The bishop of the Catholic Diocese of Des Moines says he was “very surprised” at this morning’s announcement that Pope Benedict will be stepping down at months’ end due to his declining health.
Bishop Richard Pates says the 85-year-old pontiff is the first pope since the Middle Ages to make such a move.
“It’s the first time in 600 years so there isn’t a lot of precedence in the most recent times for this occurring,” Bishop Pates says.
“I think the unexpected decision was very courageous on his part and is very evident of his commitment to serve the Church as long as he is able but not to go beyond that.”
The last pope to resign willingly was Celestine the Fifth in the year 1294. Since being elected pope in 2005, Benedict has faced a series of challenges, including his giving an address that greatly upset Muslims, a scandal over the leaking of his private papers by his personal butler and the continued claims of child sexual abuse involving the Church.
Pates says different pressures can certainly have an impact on your health, but he believes the reasons given for the Holy Father to step down. “He addressed these questions and issues that he faced directly and with a great deal of honesty,” Pates says. “I think it’s not the scandals as much as the fact that his health is such and he feels a need to retire because he can no longer fulfill to the degree he would like his responsibilities.”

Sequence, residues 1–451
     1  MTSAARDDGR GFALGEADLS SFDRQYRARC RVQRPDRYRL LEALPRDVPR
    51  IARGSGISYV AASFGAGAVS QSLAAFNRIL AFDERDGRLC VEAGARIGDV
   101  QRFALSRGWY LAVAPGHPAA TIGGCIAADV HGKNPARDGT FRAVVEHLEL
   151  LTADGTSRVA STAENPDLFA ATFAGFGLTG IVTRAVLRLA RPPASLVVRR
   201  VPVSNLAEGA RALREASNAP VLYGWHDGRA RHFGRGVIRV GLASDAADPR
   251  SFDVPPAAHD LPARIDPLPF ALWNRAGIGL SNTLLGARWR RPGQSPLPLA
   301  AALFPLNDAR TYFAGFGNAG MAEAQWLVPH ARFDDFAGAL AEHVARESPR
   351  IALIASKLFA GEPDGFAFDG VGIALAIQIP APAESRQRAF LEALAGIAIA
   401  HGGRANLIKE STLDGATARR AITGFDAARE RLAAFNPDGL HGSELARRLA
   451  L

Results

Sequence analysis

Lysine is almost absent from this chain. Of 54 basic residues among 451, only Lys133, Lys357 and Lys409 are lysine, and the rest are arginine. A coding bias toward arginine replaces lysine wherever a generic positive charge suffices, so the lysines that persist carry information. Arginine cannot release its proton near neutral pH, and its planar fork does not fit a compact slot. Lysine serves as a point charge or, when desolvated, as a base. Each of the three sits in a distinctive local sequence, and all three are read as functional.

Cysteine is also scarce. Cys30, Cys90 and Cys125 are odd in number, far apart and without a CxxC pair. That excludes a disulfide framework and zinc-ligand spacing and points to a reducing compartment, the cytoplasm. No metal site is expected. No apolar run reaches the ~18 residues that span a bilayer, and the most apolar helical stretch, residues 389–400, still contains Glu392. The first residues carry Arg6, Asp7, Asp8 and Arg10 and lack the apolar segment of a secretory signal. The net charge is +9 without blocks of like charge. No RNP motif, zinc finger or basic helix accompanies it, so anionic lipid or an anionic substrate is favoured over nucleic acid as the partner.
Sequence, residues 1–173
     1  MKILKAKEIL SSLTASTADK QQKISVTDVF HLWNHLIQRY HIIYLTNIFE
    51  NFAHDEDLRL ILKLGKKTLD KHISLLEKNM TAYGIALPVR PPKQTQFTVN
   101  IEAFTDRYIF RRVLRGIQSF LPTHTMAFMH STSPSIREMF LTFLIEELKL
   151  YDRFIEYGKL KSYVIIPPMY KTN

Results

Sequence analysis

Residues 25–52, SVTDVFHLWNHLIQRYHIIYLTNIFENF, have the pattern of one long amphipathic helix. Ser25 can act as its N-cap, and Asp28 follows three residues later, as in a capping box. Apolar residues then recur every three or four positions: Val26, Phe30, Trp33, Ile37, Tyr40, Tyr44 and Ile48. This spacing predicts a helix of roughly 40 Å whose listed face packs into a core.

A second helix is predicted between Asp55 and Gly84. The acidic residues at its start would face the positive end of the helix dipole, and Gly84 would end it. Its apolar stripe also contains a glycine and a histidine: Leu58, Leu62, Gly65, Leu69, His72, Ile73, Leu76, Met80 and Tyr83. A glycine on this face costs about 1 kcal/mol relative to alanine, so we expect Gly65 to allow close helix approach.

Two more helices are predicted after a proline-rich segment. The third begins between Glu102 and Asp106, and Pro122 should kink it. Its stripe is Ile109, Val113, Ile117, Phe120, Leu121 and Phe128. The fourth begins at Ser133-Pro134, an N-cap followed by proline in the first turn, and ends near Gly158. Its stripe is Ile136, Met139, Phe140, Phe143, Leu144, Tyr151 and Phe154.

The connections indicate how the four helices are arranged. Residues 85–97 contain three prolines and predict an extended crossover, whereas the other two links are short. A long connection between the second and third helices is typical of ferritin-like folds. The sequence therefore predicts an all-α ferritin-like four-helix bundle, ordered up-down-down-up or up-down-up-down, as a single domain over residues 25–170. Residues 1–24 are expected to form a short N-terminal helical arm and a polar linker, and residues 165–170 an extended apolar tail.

The bishop says Iowans will respect the pope’s decision but he’ll be greatly missed. “I believe they will be appreciative for the service he exercised,” Pates says. “He certainly was an extraordinarily gifted theologian. His writings and his talks will be appreciated in the tradition of the Church for centuries and I also think they grew to admire his warm pastoral heart.”
Pope Benedict will be stepping down February 28th. It’s expected that a replacement will be chosen by the end of March. The Diocese of Des Moines includes 81 parishes in 23 counties in central and southwest Iowa with about 140,000 members. Pates says there are about 500-thousand Catholics in Iowa.
Tom Chapman, executive director of the Iowa Catholic Conference, was asked what type of pope he thinks may be chosen next. “It’s interesting, because the last time, when John Paul II died, I think Pope Benedict was kind of the favorite and people kind of expected that he would be the one. Now, there really is no so-called consensus candidate. It will be interesting to see if they decide to go in a way of someone who is coming from maybe a less developed part of the world.”
The Catholic Church is “really growing” in parts of Africa, Chapman notes, and they might go in that direction. The pope’s resignation is of particular interest due to the timing as this is considered a special “Year of Faith” by the Church.
“They’re looking back to the Second Vatican Council and all of the documents that came out of the council,” Chapman says. “We’re supposed to reflect on those things. He probably will be the last pope who had a direct link to the Second Vatican Council, he was there as an advisor to some other bishops, so that will be different as well.”
That landmark summit ran from 1962 to ’65 and made some “updates” in how the Church presents itself to the world, for example, an end to doing Mass in Latin.